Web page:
This isnít a scenefrom This Is Spinal Tap, but it could have been a contender. The food court inside the student union at the University of California, Santa Barbara, is ringed on one side with fast-food concessions: Panda Express, Wendy's, Chilitos. Directly opposite, under an overhang, an 11-piece agglomeration is tearing into a lithe funk number called "Sexx Laws." The band looks like, well, some college students who figured that it might be a real cool prank to dress up like '70s Euro-prog ensemble Gong, then befuddle a crowd of their fellow hacky-sack enthusiasts with a serious Parliament/Funkadelic-style sonic assault.
As the music kicks in, the three-piece horn section bites into a riff that could've been commissioned for a 1969 Ford Mustang commercial by an ad exec whose idea of "groovy" youth culture came from late-period Elvis movies. Then a rangy, sandy-haired man sporting a black leotard top steps up to the microphone. "Can't you hear those cavalry drums hijacking your equilibrium?' he deadpans. "Midnight hags in the mausoleum where the pixilated doctors moan/ Carnivores in the Kowloon night breathing freon by the candlelight/ Coquettes bitch-slap you so polite 'til you thank them for the tea and sympathy..."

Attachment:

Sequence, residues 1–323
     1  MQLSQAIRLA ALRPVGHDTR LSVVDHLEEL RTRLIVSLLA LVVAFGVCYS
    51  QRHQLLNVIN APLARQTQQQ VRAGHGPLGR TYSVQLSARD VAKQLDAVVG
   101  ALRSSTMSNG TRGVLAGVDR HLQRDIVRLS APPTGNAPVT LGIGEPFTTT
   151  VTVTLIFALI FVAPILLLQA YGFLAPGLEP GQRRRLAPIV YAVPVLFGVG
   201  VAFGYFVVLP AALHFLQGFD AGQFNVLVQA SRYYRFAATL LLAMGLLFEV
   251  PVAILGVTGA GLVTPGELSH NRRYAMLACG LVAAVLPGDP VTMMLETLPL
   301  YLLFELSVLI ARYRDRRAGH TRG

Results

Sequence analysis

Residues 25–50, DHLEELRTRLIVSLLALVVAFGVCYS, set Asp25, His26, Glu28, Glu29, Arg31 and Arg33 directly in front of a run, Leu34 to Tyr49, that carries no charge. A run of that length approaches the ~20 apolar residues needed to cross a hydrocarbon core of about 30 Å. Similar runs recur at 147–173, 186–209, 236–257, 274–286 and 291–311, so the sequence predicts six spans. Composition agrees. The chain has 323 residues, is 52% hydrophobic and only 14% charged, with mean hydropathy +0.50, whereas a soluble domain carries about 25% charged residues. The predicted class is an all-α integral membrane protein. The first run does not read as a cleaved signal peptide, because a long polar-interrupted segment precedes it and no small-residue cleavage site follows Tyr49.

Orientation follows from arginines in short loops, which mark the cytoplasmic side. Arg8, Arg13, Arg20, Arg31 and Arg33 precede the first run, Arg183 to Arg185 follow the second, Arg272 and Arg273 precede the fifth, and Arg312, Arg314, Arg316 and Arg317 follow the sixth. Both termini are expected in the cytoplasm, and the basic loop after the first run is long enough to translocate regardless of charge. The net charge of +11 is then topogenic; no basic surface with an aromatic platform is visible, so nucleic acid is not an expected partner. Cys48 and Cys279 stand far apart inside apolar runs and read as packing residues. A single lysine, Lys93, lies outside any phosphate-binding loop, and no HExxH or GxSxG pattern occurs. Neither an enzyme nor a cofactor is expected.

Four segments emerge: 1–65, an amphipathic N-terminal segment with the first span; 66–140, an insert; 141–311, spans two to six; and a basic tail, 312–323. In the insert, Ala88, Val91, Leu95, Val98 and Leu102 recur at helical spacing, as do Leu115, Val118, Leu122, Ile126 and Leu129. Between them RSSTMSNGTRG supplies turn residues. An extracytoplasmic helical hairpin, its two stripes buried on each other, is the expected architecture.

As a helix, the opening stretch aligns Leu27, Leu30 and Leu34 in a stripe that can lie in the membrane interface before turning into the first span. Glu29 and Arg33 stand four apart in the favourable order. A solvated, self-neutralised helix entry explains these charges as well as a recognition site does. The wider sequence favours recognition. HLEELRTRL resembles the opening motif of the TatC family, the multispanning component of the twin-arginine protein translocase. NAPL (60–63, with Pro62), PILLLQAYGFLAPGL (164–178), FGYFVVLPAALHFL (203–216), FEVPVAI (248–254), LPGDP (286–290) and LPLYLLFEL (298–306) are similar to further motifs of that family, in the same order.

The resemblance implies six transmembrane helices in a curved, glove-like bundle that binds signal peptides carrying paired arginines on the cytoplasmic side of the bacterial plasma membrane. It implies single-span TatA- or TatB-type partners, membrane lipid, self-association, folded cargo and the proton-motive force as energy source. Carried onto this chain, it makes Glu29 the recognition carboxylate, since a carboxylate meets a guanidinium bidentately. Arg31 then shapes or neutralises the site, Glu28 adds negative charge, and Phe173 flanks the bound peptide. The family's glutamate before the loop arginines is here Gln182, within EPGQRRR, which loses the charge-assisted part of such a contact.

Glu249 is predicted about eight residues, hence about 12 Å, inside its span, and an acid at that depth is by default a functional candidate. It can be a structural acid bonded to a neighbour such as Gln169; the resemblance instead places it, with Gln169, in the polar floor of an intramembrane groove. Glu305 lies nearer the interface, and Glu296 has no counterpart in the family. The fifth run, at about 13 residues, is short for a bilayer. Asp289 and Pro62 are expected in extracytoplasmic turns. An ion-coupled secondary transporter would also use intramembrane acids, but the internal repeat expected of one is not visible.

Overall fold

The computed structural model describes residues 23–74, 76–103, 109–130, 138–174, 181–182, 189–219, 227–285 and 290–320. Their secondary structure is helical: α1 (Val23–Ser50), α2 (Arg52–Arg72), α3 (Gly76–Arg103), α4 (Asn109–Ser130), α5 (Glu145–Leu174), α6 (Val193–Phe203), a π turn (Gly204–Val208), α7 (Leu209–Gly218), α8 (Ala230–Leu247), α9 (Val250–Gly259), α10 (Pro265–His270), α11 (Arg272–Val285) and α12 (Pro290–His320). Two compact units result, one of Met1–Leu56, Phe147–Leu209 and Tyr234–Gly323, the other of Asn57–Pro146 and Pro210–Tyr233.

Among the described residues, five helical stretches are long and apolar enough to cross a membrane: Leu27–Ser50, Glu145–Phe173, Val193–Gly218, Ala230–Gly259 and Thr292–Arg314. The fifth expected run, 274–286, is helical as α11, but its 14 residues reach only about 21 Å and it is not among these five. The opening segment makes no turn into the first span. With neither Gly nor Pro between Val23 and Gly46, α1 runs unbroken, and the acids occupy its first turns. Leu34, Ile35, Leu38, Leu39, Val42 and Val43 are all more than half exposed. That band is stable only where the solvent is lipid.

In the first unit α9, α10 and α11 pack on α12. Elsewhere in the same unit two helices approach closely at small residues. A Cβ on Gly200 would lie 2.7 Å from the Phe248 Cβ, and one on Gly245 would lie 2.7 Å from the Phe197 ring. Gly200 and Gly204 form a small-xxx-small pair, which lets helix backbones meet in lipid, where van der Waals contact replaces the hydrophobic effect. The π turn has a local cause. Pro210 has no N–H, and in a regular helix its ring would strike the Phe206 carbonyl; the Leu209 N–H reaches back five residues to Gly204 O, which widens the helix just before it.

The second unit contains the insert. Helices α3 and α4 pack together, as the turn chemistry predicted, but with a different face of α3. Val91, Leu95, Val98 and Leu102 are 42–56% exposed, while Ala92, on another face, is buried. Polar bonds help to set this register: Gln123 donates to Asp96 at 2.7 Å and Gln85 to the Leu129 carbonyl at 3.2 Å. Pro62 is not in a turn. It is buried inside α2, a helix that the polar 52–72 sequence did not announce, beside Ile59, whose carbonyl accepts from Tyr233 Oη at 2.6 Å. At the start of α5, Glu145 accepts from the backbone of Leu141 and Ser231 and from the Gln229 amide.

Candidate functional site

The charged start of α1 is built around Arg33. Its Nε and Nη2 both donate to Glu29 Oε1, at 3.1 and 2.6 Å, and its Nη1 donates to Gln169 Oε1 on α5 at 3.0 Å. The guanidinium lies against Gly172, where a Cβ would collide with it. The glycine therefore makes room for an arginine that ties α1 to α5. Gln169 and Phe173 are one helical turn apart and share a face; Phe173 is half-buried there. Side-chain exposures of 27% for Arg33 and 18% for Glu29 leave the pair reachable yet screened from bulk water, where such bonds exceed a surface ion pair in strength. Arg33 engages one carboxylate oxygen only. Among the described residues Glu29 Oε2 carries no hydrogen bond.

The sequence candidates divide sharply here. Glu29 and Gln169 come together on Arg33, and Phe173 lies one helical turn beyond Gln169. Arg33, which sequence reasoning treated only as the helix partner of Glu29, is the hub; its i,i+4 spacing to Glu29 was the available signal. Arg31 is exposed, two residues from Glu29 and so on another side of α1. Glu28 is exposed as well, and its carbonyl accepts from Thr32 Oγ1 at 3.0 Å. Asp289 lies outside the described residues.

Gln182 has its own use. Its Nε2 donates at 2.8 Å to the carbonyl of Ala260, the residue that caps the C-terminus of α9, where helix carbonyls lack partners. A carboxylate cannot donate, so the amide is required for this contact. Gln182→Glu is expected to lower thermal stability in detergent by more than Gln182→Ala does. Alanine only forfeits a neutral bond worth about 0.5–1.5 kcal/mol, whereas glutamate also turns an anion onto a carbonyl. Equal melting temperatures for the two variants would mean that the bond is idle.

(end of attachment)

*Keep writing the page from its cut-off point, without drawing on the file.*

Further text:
Huh? What's this? Did Steely Dan's Donald Fagen and Walter Becker overdose on William Gibson novels, then plot a mushroom-fueled comeback using a band of hired L.A. guns?
The funk mob slams into the song's chorus. "I want to defy the logic of all sex laws," the singer continues. "Let the handcuffs slip off your wrists/ I let you be my chaperone at the halfway home/I'm a full-grown man/But I'm not afraid to cry."
The lyrics' kinky subtext is lost on a few garrulous fratboy yobbos, who wouldn't care if it was Limp Bizkit or Frankie Yankovic up there, as long as it provided a suitable racket for some yabba dabba doo crowd surfing. But the less beer-sodden members of the audience know they're witnessing the latest incarnation of Beck-the changeling artist who, on his latest DGC/Interscope album Midnite Vultures, has decided to unleash a brainy buttshaker of a party record on the world-and they're visibly delighted.